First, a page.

- Control measures -; don’t work near an overhead power line if you don’t have to. Speak to your electricity network operator for advice. Select suitable machinery and equipment and use it safely.
- Know what’s safe, and what isn’t -; certain work should be avoided within 10 metres of overhead power lines, such as stacking bales and potato boxes, operating telehandlers and moving irrigation pipes.
- It is crucial that farmers, farm workers and contractors understand that when overhead power lines are damaged or fall to the ground, they should stay well away and contact the local electricity company by telephoning 105.
- Know what to do if you come into contact with an overhead power line – if contact is made when you’re in a vehicle, stay in the cab and to try to drive clear. If it is not safe to stay in the vehicle, jump clear of the machine, move away and don’t touch it once on the ground.
- Call 105 -; if an incident occurs, contact your network operator by calling the national 24 hour emergency number 105. According to the ENA, over four in five people do not know the number to call in case of an abnormality in electricity supply in their home or workplace.
More information about the Look Out Look Up! campaign can be found here: http://www.energynetworks.org/electricity/she/safety/safety-advice/overhead-power-lines-safety-campaign.html
Electricity North West is the region’s electricity distribution network operator, proud to power the lives of five million people in the North West. From heating homes to charging cars and streaming TV shows, ENW work around the clock to keep you switched on for today and tomorrow.
ENW is investing £1.8bn from 2015-2023 in the overhead lines and underground cables that serve the region and last year delivered the best reliability ever seen in the North West.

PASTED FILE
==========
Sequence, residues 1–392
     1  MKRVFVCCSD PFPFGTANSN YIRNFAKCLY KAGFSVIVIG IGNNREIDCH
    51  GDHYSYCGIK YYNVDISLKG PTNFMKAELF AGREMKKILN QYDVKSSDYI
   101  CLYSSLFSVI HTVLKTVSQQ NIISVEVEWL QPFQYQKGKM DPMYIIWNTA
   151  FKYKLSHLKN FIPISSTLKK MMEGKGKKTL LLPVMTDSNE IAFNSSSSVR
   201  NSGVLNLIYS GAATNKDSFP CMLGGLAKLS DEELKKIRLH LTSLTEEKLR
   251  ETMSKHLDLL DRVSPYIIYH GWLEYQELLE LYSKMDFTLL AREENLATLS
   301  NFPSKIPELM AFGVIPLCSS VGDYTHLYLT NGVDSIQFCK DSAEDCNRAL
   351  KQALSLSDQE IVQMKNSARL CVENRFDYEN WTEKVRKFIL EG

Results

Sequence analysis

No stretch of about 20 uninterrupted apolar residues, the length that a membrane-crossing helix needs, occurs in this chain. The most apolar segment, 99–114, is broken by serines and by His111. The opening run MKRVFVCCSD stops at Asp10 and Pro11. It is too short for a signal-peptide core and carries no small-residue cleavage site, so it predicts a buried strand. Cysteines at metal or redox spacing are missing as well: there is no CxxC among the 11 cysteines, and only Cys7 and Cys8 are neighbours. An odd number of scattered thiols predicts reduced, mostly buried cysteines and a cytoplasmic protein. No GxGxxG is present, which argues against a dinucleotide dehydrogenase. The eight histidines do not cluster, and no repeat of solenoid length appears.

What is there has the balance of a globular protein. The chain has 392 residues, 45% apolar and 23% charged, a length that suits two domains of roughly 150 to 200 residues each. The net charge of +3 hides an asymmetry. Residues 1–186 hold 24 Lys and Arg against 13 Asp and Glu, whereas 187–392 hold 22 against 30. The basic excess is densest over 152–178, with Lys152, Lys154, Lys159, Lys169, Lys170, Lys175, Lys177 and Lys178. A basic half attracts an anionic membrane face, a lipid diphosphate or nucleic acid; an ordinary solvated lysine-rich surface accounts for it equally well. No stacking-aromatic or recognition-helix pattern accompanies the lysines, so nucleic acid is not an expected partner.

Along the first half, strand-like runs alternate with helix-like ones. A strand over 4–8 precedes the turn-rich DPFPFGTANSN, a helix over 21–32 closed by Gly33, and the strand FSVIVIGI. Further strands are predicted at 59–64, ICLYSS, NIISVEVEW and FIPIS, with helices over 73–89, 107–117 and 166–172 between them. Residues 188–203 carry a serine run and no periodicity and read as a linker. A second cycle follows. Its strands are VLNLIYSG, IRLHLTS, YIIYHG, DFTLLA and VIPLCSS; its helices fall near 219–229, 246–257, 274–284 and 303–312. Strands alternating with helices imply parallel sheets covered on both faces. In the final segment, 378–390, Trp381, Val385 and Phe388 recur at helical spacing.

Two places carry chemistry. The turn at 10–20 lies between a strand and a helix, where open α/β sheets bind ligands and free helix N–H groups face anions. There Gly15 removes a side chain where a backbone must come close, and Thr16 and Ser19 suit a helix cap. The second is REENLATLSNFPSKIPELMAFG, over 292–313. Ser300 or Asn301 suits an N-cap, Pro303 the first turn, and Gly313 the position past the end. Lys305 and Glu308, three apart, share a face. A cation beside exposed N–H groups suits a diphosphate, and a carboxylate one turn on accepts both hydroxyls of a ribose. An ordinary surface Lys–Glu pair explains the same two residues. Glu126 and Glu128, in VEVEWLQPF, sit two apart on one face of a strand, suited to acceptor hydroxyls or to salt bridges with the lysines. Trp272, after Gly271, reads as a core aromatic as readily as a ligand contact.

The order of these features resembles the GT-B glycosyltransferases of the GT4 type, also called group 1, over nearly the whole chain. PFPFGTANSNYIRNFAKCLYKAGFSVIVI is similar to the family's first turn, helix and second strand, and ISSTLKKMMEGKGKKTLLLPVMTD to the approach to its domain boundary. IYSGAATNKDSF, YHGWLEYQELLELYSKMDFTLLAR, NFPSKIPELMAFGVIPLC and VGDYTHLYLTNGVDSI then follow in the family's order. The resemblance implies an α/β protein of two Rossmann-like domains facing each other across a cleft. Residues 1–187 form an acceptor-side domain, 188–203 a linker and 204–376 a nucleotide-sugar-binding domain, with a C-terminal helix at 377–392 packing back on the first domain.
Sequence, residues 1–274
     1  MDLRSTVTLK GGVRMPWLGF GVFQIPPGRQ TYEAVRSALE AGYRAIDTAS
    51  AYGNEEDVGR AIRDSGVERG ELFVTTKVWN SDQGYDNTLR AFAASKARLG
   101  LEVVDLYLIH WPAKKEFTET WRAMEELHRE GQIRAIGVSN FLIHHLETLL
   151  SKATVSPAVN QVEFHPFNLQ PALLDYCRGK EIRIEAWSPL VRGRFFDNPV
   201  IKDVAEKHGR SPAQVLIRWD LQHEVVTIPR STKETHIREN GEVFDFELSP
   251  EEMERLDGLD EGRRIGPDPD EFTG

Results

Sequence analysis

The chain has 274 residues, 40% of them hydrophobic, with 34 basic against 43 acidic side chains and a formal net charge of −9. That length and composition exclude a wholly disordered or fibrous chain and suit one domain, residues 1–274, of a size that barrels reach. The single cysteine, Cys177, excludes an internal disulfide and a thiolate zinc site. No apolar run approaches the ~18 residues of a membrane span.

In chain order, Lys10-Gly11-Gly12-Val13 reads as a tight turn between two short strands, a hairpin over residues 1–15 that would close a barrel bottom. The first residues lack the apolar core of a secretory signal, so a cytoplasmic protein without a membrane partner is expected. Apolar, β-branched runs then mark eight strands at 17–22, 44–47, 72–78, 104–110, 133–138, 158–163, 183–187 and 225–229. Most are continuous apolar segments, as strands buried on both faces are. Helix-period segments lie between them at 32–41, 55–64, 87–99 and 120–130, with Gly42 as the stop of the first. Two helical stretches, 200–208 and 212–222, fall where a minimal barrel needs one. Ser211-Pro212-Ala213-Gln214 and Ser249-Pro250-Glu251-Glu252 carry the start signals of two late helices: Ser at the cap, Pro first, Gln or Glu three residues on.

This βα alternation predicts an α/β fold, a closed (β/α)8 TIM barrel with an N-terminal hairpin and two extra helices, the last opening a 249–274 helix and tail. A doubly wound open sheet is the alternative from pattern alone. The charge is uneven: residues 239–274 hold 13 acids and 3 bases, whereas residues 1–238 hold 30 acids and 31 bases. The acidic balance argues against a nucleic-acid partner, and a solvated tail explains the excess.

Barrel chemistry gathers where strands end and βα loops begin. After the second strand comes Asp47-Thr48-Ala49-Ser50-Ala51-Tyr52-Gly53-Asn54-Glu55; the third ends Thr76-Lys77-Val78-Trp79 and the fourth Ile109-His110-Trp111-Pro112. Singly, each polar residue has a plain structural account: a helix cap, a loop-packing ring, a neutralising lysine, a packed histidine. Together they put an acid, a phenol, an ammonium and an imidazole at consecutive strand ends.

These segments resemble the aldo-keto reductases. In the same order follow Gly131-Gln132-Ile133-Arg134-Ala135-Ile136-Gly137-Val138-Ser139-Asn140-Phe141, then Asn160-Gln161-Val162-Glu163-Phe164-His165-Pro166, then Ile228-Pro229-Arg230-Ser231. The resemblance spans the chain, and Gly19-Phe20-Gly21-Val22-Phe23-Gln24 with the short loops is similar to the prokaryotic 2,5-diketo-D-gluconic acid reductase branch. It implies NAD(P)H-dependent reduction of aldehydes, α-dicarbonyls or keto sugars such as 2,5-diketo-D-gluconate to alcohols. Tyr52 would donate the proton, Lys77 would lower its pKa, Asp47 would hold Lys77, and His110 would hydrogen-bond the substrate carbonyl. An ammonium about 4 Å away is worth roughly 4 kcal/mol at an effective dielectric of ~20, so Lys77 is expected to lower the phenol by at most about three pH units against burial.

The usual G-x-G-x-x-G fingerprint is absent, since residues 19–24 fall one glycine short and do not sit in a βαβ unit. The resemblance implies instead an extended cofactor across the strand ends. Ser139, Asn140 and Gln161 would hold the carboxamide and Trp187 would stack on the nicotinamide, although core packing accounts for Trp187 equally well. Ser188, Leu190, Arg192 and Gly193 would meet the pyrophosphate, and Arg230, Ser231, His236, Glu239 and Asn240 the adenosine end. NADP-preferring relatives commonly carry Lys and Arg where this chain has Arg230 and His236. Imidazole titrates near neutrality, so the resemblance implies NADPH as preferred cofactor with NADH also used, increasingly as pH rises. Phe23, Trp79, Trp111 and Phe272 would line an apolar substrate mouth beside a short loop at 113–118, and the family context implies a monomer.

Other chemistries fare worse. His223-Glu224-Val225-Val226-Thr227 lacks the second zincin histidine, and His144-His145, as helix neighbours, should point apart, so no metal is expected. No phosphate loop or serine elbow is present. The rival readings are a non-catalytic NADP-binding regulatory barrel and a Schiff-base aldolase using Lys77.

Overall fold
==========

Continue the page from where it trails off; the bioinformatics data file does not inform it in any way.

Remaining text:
The way we use electricity is changing rapidly. ENW is at the forefront of energy innovation, working with local communities, key stakeholders and expert partners to ensure everyone has the power they need when they need it.
Safety figures: Figures are safety related incidents in Great Britain notified by electricity distribution network operators (DNOs) to the Health and Safety Executive as per the Electricity Safety, Quality and Continuity Regulations (ESQCR).
Regulation 31 of ESQCR places a duty on those working on, or owning power network apparatus such as generators and distributors, meter operators and others to report deaths or injuries to members of the public, or near misses, fires or explosions which have occurred as a result of work on or near to electrical systems by others, or incidents arising from leisure and other non-work activities in proximity to electrical plant, or from equipment failure. (http://www.hse.gov.uk/statistics/tables/esqcr.xlsx)
Energy Networks Association (ENA) is the voice of the networks representing the ‘wires and pipes’ transmission and distribution network operators for gas and electricity in the UK and Ireland.
In Great Britain, there are six electricity Distribution Network Operators (DNO) that are responsible for the electricity networks that deliver energy from the national transmission networks into people’s homes and businesses 24 hours a day, 365 days a year. Details of network operators are available at www.energynetworks.org.